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May 23, 2019 23:13:19

The House I Lived In When I Was Twelve

by @nicksimard PATRON | 770 words | 🐣 | 73💌

Nick Simard

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When I was twelve years old I was still living in the house in which I had grown up. I lived with my mother and my grandfather. The house was located “downtown”.

Now, when I say downtown that essentially means that it was located on the main street of my town (Cheticamp, Nova Scotia, Canada). While it was technically where many of the stores, restaurants and services were located it certainly was not the “downtown” that most people would picture. But it was nice being close to whatever action might develop.

It was a pretty small house. But we didn’t need much. My grandfather had his own side of the house, which was essentially its own self-contained apartment. When I was a young boy my great-grandmother lived there.

Yup. At one point there were four generations under one roof!

After she passed away, he moved in there and I took over his room. I don’t remember how old I was but I was fairly young still.

It’s quite amazing how vividly I remember that house. Like, really vividly. My mom and I moved out a couple of years later, into a house with her long-time boyfriend (whom she is still with, I’m happy to say). My grandfather stayed in the house then ended up — quite foolishly — selling the house and renting the apartment he’d been living in. Yeah, I don’t understand it either. I would still visit him sometimes, but I think the memories I have are from the years that I lived there.

For the sake of documenting it, and practicing my writing, I’ll describe it. Feel free to skip this part, dear reader, if it gets too boring. Actually, let’s make a list of the top aspects of the house that I remember (or enjoyed):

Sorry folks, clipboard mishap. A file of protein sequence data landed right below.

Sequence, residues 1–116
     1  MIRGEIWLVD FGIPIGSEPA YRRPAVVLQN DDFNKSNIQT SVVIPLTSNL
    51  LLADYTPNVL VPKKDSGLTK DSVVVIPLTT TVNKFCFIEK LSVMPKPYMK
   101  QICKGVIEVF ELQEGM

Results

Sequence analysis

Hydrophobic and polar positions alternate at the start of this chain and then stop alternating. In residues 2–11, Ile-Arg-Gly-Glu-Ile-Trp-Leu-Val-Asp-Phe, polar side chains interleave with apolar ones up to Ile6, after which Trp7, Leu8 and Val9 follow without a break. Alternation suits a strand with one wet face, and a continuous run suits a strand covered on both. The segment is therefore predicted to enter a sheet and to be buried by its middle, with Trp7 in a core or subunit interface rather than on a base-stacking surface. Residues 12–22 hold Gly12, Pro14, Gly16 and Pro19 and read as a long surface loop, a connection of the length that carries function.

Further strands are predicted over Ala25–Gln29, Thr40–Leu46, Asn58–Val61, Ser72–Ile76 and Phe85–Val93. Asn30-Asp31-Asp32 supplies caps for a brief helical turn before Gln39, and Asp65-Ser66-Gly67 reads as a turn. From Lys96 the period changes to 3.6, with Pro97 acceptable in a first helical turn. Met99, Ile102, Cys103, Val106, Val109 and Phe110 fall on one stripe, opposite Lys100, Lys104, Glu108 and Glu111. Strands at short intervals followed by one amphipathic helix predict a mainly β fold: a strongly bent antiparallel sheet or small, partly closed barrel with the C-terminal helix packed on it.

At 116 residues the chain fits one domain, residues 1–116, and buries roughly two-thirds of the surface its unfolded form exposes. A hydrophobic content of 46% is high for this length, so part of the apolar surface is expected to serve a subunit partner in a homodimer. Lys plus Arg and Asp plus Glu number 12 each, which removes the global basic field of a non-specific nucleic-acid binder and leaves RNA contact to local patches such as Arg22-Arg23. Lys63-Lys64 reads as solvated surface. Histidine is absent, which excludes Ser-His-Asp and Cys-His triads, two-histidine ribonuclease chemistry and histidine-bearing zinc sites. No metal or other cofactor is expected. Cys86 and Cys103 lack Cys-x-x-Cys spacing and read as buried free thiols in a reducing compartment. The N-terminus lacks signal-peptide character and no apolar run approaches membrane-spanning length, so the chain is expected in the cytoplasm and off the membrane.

1. The Unfinished Basement

Oddly enough, though I’ve never been much of a “handy” man or much into the traditional “manly” stuff, I was a kid who loved to get into stuff and get dirty. The basement was the perfect place for this. Many people in the US (and certainly California) can’t relate to having a basement. But as a child, this place was both a freaky area and a wondrous imaginarium.

I remember the smells: the oil furnace, freshly-painted buoys, sawdust, mustiness and dirt.

My grandfather was always pretty willing to show me how his tools worked and let me watch what he was doing. He had outlines of all his hung-up tools, so that he’d know exactly where to put them back. I always found that super amusing. He once made me a DIY Plinko game, which may be the nicest thing he’d ever done for me.

2. The Wrap-Around Concrete Patio

It wasn’t really a patio. I can’t think of a better word right now. Looking at the house, on the right-hand side there was a cement walkway that wrapped around the back of the house. I spent a lot of time playing there, climbing up and down while swinging on the pipe handrail and just hanging out with friends (and GI Joes).

I would lock up my bike there and remember the disembarking process where it felt like in one smooth motion I got off the bike, parked it and opened the door on the side.

Oh yeah, there was a door there. I totally just pictured it. Wintertime was especially fun on that walkway. It would get super icy, which was fun for a kid to slide around on. Icicles would develop on the handrail. I remember eating them.

3. The Living Room With Huge Picture Window

Living “downtown” like I did, that window looked right out onto all of the hustle and bustle of Cheticamp. Honestly, at that time, it was a pretty happening place. Now? Not so much.

When I was a kid, though we had video game systems (Genesis…what what!) we spent a TON of time outside…and really enjoyed it.

Mostly, we rode our bikes — everywhere! So that huge window was a great way to spot someone who was worth catching up to. Especially when they were cute girls that we had crushes on. Let’s be honest, when you’re twelve years old you start to look at those older girls and they become that object of…well, desire I suppose.

Heck, were they to even know our names (which, looking back, they probably did…small town, remember?). The downside was that people looking in could see everything. Including nose-picking. What? I was twelve! It comes with the territory.

Well, there is more I could say about the house but I think I’ll leave it at that for now. This post is long enough.

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